I, therefore, the Representative of Myself as an Artist, appealing to the Supreme Judge of the world for the rectitude of my intentions, do solemnly publish and declare, that I am, and of Right ought to be Free and Independent.

That I am Absolved from all Allegiance to the Old School Publishing Model. That all the fear, prejudice and inertia that held me back is and ought to be totally dissolved.

That as a Free and Independent Artist, I have full Power to create my own Books, contract Alliances with other Artists, establish Commerce, and do all other Acts and Things which Independent Publishers may of right do.

And for the support of this Declaration, with a firm reliance on the protection of Divine Providence, I pledge to the practice of this craft my Life, my Fortune and my sacred Honor.

Joni Rodgers (paraphrasing Thomas Jefferson)
July 2011

Download First You Write free on Kindle July 5-7, 2012 and look for the new Stella Link eBookstore--a whole new indie book-buying experience--this fall.

2 Great Contests for Writers

Have you written a great indie-published/self-published e-book and want help getting the word out? If so, check out this First 50 Words contest from the League of Extraordinary Writers. Deadline is July 20th, and it's easy-peasy to enter.

Another alternate route many writers are exploring is e-publishing via an electronic arm of an established legacy (traditional) publisher. Avon Impulse is looking for some good holiday-themed romance short stories and novellas. A great opportunity for romance writers to break in.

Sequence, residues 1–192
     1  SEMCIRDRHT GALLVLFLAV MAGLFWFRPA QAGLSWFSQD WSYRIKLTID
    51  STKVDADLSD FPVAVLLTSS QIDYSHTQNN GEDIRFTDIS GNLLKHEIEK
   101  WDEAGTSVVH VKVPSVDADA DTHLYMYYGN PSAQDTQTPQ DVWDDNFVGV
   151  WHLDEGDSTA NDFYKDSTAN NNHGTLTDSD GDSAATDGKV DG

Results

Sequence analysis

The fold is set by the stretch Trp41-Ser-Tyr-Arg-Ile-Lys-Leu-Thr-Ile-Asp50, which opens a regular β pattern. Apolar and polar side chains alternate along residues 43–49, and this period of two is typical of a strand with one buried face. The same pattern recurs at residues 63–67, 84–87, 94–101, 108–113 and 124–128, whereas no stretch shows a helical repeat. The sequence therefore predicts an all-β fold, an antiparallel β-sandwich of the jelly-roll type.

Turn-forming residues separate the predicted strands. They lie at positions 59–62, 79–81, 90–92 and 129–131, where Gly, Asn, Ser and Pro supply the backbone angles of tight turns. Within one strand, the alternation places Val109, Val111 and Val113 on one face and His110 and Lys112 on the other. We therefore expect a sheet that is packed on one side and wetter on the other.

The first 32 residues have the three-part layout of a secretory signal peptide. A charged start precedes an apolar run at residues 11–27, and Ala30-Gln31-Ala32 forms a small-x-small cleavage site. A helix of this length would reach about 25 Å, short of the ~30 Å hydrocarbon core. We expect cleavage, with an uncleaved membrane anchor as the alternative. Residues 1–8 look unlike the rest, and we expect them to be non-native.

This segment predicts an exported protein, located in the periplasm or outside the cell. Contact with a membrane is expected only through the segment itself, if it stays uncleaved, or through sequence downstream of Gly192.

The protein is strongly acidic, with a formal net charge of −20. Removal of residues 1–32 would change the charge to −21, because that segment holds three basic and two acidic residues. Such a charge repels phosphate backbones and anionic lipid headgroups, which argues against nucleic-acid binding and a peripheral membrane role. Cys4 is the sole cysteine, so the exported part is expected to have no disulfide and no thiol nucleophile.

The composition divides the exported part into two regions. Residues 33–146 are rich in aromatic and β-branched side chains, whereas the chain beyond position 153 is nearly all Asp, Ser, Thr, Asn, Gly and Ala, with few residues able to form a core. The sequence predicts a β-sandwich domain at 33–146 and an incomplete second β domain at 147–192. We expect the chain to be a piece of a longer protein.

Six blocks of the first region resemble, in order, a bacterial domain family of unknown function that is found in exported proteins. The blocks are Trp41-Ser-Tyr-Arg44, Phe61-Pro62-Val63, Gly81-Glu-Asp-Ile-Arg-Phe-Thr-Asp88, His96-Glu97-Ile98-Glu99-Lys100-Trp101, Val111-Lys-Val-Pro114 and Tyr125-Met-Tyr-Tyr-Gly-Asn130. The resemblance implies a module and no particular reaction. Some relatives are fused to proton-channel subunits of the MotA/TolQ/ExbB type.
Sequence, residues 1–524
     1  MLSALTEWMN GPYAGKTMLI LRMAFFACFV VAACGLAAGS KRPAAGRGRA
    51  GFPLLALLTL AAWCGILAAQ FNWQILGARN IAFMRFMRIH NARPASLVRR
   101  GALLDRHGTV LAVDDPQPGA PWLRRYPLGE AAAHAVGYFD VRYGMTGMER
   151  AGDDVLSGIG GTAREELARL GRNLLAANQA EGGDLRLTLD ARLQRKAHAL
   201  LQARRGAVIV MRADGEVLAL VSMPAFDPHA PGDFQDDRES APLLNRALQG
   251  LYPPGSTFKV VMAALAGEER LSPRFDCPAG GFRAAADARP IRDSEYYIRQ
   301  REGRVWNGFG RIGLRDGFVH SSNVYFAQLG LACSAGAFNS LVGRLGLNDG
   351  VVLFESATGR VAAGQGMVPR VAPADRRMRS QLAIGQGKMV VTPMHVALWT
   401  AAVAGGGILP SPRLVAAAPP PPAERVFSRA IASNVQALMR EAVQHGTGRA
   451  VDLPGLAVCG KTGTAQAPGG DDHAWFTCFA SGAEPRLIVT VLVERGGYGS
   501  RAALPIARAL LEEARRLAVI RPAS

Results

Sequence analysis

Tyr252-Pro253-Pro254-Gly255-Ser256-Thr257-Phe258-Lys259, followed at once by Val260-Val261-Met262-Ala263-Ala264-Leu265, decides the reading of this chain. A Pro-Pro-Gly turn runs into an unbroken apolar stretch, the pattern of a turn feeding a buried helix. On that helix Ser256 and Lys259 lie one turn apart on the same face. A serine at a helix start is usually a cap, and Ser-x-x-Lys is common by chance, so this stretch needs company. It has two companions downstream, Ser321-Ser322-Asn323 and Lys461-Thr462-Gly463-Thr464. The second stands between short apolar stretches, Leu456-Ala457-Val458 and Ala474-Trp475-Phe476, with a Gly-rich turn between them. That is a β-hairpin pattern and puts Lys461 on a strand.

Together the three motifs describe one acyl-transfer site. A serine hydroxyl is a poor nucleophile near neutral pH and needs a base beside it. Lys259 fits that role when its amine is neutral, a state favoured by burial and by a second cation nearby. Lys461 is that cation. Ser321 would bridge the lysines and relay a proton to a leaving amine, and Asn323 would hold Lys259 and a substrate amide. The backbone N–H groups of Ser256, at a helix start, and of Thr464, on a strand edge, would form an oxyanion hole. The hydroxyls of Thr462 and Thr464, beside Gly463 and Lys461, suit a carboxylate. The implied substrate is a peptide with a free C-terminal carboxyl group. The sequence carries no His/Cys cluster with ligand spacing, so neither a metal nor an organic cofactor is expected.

Have a wonderful Fourth!

Monday, July 02, 2012


LET ME INTRODUCE YOU

Lucinda Dyer and I, both of this merry crew, have had the pleasure of working with Rebecca Yount on the launch this week of her debut mystery, an ebook called A DEATH IN C MINOR: A Mick Chandra Mystery. This is the first title in a seven book series. The other six novels are already written and also will be released as e-books, with the second title in the series, THE ERLKING, to be published this fall.

An aspect of Rebecca’s website that I thought was both fun and inventive is that she introduces her characters, giving them bios of their own. I love that. It’s compelling and different and a wonderful way to draw readers into a new title and series. After all, you won’t keep reading if you don’t care for the characters, so why not give people an introduction right away? Here’s the link: http://www.rebeccayount.com/a-death-in-c-minor-the-characters/

Have you considered what you can do to refresh your own website, or to make it stand out? Is there some way to create content that better speaks directly to readers, as Rebecca has?

And, please let me introduce Rebecca Yount to you!

Rebecca hails from a literary family. She is a published author of poetry and editor of books and periodicals. She is also a composer and lyricist, whose work has been performed at Lincoln Center, New York. She was inspired to write the Mick Chandra novels during a summer sojourn in Essex, England. A bloody, unsolved murder had recently been committed in the local village. Intrigued by the case, Rebecca decided to solve the mystery in a novel. Her protagonist, the cocky but competent New Scotland Yard inspector Mick Chandra, was inspired by a real-life inspector she met on another summer visit to England. She meticulously researches the series on-site in the UK and at New Scotland Yard to ensure authenticity.  Rebecca lives on a lake in Virginia, with her husband, David, a prolific author and syndicated columnist, plus a Scottish terrier, and two cats.